The cause of alcoholism seems to be a blend of genetic, physical, psychological, environmental, and social factors that vary among individuals. A given person's risk of becoming an alcoholic is three to four times greater if a parent is alcoholic. Some children of alcohol abusers, however, overcome the hereditary pattern by not drinking any alcohol at all.
Jump up ^ Agrawal, A; Sartor, CE; Lynskey, MT; Grant, JD; Pergadia, ML; Grucza, R; Bucholz, KK; Nelson, EC; Madden, PA; Martin, NG; Heath, AC (2009). "Evidence for an Interaction Between Age at 1st Drink and Genetic Influences on DSM-IV Alcohol Dependence Symptoms". Alcoholism: Clinical and Experimental Research. 33 (12): 2047–56. doi:10.1111/j.1530-0277.2009.01044.x. PMC 2883563. PMID 19764935.

The effects of alcoholism are far reaching. Alcohol affects every body system, causing a wide range of health problems. Problems include poor nutrition, memory disorders, difficulty with balance and walking, liver disease (including cirrhosis and hepatitis), high blood pressure, muscle weakness (including the heart), heart rhythm disturbances, anemia, clotting disorders, decreased immunity to infections, gastrointestinal inflammation and irritation, acute and chronic problems with the pancreas, low blood sugar, high blood fat content, interference with reproductive fertility, increased risk of cancer of the liver, esophagus, and breast, weakened bones, sleep disturbances, anxiety, and depression. About 20% of adults admitted to the hospital (for any reason) are alcohol dependent. Men are more than twice as likely to be alcohol dependent than women, and smokers who are alcohol dependent are much more likely to develop serious or fatal health problems associated with alcoholism.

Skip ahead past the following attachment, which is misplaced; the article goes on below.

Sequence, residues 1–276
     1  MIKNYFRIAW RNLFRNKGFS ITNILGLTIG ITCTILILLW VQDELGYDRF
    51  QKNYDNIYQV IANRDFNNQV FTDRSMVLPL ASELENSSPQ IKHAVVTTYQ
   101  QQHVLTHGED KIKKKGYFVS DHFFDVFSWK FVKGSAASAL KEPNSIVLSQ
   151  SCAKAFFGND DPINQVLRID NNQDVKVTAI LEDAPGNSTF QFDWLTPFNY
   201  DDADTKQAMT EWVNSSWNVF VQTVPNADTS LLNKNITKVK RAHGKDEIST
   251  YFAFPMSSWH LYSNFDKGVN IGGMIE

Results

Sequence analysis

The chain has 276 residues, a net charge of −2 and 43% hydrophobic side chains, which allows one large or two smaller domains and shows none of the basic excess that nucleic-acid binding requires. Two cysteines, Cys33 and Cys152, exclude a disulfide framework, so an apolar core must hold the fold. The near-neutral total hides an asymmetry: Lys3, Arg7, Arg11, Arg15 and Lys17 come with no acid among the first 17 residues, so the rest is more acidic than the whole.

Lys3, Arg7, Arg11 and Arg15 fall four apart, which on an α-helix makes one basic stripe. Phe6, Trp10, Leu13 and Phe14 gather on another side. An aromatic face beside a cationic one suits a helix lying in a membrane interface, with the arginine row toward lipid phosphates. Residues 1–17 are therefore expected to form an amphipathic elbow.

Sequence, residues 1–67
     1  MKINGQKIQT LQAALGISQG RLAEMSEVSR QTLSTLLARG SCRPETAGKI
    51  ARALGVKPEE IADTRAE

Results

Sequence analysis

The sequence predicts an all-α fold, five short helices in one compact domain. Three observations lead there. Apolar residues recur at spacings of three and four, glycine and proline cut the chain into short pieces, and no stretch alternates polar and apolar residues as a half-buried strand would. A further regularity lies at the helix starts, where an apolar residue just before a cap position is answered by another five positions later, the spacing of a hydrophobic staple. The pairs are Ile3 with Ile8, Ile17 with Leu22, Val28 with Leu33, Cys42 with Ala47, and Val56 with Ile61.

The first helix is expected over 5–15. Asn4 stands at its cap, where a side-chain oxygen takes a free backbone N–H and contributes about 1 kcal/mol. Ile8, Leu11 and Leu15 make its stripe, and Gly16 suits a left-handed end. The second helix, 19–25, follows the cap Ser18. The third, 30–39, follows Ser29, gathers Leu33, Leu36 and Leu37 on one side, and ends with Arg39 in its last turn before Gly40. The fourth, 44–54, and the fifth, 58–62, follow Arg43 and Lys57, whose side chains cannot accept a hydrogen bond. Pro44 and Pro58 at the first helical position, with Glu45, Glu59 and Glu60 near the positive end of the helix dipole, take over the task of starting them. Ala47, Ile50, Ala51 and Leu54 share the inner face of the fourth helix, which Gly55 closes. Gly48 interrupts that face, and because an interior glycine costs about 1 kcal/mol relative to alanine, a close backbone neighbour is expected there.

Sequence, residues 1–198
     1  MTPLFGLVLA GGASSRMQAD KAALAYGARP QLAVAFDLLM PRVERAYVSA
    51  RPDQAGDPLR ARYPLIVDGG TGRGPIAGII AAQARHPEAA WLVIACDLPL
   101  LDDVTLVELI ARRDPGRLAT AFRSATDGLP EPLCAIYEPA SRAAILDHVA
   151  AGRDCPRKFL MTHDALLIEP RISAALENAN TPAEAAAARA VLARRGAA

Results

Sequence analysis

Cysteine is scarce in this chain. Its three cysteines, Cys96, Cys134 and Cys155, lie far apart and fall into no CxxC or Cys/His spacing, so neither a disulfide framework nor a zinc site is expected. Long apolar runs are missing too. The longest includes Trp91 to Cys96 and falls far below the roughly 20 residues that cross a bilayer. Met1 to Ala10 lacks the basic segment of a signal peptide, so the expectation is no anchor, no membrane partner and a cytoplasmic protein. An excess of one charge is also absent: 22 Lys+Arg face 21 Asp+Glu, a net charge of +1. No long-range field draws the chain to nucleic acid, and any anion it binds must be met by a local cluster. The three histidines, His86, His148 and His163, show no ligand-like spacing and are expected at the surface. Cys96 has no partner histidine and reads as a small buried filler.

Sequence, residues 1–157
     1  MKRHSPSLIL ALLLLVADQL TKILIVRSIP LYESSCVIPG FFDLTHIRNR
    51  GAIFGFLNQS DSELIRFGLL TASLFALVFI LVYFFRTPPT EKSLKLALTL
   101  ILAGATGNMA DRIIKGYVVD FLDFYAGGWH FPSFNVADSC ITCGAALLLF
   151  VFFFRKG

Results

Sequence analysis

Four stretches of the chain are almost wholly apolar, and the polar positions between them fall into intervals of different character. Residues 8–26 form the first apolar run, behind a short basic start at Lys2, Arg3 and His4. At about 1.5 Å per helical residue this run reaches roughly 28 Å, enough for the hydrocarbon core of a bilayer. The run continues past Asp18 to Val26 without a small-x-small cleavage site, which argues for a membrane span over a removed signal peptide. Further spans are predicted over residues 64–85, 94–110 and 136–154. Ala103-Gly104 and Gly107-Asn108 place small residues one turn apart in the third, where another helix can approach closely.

Clear communication by parents about the negative effects of alcohol, as well as about their expectations regarding drug use, has been found to significantly decrease alcohol use in teens. Adequate parental supervision has also been found to be a deterrent to underage alcohol abuse. Alcohol, and other drug use, has been found to occur most often between the hours of 3 p.m. and 6 p.m., immediately after school and prior to parents' arrival at home from work. Teen participation in extracurricular activities has therefore been revealed to be an important prevention measure for the use of alcohol in this age group. Parents can also help educate teens about appropriate coping and stress-management strategies. For example, 15- to 16-year-olds who use religion to cope with stress tend to use drugs significantly less often and have fewer problems as a result of drinking than their peers who do not use religion to cope.